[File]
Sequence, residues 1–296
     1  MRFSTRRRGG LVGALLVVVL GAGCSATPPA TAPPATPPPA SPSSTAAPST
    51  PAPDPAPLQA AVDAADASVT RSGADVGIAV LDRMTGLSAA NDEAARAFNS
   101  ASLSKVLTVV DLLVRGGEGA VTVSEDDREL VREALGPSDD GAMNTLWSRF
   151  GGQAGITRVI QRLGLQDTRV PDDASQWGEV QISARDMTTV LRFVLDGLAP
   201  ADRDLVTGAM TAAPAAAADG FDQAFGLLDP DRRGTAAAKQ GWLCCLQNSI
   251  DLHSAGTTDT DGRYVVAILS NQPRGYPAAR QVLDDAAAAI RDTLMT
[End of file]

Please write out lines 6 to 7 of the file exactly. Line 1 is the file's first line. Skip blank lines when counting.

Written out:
   201  ADRDLVTGAM TAAPAAAADG FDQAFGLLDP DRRGTAAAKQ GWLCCLQNSI
   251  DLHSAGTTDT DGRYVVAILS NQPRGYPAAR QVLDDAAAAI RDTLMT